11/10/2004

Bits and pieces of a great Hullabaloo

Hullabaloo: ...So what else is new? We are dealing with an absolutist culture that demands total capitulation or nothing. Compromise will not work and it certainly will not work on these "values" issues. (Indeed, I think it's part of what makes us look weak to some other factions who might be willing to vote for us.) This is the same old shit over and over and over again. We backed off on the death penalty, gun control, welfare, affirmative action and here we are with a new slate of issues about gays. Tomorrow it will be creationism. Until we realize that their condition is that we FULLY EMBRACE their cultural dominance in both word and deed, they will not be satisfied.

It is not enough that they be left alone to do what they choose. We must join them and do it thoroughly and with fervor. No amount of tweaking will work. Their real beef is psychological and tribal. Issues are fungible.

...we prove our bona fides to the red states:

A suburban American school board found itself in court Monday after it tried to placate Christian fundamentalist parents by placing a sticker on its science textbooks saying evolution was "a theory, not a fact."

...In dozens of interviews since the election, grass-roots activists in Ohio, Michigan and Florida credited President Bush's chief political adviser, Karl Rove, with setting a clear goal that became a mantra among conservatives: To win, Bush had to draw 4 million more evangelicals to the polls than he did in 2000. But they also described a mobilization of evangelical Protestants and conservative Roman Catholics that took off under its own power.

This is interesting because it's exactly what the Democrats have been criticized for all these years --- being a coalition of single issue consituencies developing their own agendas, not working well with others and creating havoc on the ability to govern when the party is in power.

...Meanwhile, for the first time in memory, the Democrats put away their differences and worked together. And much to my surprise and delight, I'm not seeing the circular firing squad nearly as vicious as it usually is after a loss. Perhaps we can hang tough long enough for the Republicans to get a taste of governing with single issue constituencies for a while.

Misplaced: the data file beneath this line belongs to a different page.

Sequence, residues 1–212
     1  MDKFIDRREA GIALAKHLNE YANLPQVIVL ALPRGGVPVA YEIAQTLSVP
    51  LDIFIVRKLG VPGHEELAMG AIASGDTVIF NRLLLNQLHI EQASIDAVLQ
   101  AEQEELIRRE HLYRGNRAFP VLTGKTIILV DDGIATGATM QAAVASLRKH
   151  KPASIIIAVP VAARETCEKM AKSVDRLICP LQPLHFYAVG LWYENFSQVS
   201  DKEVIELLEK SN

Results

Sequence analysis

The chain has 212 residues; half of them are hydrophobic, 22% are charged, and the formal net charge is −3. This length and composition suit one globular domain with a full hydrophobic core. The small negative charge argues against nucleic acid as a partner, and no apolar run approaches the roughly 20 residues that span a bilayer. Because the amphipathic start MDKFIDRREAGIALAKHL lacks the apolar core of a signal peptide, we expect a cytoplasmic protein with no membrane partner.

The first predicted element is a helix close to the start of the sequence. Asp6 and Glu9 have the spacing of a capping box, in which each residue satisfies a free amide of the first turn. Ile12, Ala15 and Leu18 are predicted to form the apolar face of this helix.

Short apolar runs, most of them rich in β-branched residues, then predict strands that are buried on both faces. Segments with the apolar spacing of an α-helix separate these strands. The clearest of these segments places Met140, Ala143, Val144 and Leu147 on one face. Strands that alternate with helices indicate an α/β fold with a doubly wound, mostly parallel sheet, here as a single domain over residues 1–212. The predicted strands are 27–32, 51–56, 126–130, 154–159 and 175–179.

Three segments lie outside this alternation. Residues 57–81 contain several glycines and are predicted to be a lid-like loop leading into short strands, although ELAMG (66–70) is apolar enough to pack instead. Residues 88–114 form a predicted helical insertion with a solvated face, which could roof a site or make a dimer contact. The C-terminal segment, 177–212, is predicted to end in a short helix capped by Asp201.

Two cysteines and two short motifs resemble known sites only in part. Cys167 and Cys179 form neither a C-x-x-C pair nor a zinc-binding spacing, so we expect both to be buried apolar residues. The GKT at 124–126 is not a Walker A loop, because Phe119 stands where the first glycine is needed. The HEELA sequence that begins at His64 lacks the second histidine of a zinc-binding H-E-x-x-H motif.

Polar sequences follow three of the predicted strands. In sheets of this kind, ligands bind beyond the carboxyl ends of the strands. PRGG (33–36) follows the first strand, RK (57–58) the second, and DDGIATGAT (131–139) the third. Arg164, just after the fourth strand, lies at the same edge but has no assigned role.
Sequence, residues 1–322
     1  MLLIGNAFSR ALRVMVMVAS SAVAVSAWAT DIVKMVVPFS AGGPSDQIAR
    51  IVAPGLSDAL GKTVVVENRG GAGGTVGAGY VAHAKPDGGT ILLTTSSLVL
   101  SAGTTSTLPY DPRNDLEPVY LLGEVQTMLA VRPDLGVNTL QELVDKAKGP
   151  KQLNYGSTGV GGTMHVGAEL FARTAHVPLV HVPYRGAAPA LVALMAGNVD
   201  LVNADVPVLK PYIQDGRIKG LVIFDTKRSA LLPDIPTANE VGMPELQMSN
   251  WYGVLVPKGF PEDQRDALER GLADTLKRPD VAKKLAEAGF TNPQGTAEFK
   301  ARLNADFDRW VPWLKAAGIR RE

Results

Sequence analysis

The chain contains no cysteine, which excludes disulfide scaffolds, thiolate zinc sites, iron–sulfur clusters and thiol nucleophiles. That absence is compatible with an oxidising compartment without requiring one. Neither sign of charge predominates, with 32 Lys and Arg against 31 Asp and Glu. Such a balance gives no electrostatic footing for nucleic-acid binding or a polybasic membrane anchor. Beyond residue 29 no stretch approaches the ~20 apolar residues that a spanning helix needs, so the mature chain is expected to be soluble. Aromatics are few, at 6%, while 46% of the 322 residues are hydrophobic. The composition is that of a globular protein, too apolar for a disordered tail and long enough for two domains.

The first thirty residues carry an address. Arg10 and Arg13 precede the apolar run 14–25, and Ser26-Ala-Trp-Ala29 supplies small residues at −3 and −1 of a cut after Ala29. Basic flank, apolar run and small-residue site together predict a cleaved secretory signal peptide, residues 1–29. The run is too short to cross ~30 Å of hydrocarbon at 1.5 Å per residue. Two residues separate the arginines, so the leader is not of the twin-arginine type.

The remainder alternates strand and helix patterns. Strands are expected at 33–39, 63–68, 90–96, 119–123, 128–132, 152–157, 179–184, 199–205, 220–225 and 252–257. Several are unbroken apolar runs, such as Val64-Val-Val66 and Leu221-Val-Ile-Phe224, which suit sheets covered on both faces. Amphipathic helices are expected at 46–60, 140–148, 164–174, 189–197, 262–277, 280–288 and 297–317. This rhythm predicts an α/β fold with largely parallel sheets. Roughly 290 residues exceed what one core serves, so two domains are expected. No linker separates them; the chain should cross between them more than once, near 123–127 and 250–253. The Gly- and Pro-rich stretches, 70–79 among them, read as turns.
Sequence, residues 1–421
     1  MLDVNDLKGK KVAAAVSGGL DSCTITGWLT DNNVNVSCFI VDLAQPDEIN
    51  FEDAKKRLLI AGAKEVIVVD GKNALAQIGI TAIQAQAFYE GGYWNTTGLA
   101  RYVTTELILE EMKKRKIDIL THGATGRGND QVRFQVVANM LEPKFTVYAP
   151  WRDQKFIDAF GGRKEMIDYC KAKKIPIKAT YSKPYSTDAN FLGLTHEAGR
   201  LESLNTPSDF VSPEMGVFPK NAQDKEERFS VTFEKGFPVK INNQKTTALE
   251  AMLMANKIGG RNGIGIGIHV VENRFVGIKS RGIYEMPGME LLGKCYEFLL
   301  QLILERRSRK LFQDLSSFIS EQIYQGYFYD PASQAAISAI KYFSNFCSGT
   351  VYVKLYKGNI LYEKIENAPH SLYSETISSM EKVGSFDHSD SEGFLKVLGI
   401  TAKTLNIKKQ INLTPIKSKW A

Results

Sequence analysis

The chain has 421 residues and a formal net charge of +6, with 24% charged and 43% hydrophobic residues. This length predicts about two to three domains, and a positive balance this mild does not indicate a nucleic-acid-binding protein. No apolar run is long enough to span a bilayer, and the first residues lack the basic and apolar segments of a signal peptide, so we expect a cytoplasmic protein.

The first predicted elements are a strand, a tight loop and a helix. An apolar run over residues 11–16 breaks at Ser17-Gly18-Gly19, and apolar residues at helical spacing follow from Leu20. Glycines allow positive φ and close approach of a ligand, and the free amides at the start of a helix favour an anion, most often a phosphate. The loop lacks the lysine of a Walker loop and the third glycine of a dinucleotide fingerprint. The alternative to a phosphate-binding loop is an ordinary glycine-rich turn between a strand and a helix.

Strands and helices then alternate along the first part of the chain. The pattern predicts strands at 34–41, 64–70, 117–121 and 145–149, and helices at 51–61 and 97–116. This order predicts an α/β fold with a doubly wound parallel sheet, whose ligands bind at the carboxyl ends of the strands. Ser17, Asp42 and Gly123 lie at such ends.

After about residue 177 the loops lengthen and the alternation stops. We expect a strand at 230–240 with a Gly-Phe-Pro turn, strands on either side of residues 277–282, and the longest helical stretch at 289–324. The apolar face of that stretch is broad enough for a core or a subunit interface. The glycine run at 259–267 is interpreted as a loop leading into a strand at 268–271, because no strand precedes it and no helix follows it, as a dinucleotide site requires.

How Bush Almost Let It Slip Away :By Taegan Goddard on 2004 Campaign
Charles Krauthammer gets it exactly right:
"Bush wagered it all on Iraq and nearly lost his presidency. The 2004 election hinged on Iraq, in three political incarnations: Iraq, the war; Iraq, the first presidential debate; Iraq, the media magnet for countless bad news stories. Together they very nearly overthrew Bush.

"It certainly was not John Kerry doing the overthrowing. The only reason it was tight is that the Democrats picked a candidate singularly weak on Iraq... He could never articulate a consistent and coherent alternative policy. The entire Democratic Convention was an exercise in avoiding the issue. Kerry spent four days talking not about Iraq but about Vietnam. This glaring non sequitur gave Kerry the distinction of having a convention with no bounce."


Ashcroft Resigns -Atrios 5:57 PM in the Eschaton.
Sadly, it's not a moment for jubilation. They'll likely find someone who's actually much more competent about throwing away civil liberties and who is more popular.



Juan Cole: The Iraqi Islamic Party lead by Muhsin Abdul Hamid, has been among the few Sunni Muslim groups willing to cooperate (even if rather lukewarmly) with the Americans. It is now threatening to pull out of the Allawi caretaker government. The IIP had also been the main force urging Sunni Arabs to participate in the elections scheduled for January, and had been opposed in this stance by the Association of Muslim Scholars. That the Iraqi Islamic Party is now contemplating leaving the Allawi government raises the question of whether a mass Sunni Arab boycott of the elections is in the offing, thus fatally weakening the legitimacy of any new government.